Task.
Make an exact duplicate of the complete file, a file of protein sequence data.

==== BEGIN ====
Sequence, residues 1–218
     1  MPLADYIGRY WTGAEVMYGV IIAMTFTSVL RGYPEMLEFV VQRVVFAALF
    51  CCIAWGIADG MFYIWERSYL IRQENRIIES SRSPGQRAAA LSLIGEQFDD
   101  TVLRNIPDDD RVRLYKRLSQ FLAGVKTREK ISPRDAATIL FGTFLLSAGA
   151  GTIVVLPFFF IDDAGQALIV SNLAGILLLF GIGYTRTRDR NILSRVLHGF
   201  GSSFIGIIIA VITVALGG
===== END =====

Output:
Sequence, residues 1–218
     1  MPLADYIGRY WTGAEVMYGV IIAMTFTSVL RGYPEMLEFV VQRVVFAALF
    51  CCIAWGIADG MFYIWERSYL IRQENRIIES SRSPGQRAAA LSLIGEQFDD
   101  TVLRNIPDDD RVRLYKRLSQ FLAGVKTREK ISPRDAATIL FGTFLLSAGA
   151  GTIVVLPFFF IDDAGQALIV SNLAGILLLF GIGYTRTRDR NILSRVLHGF
   201  GSSFIGIIIA VITVALGG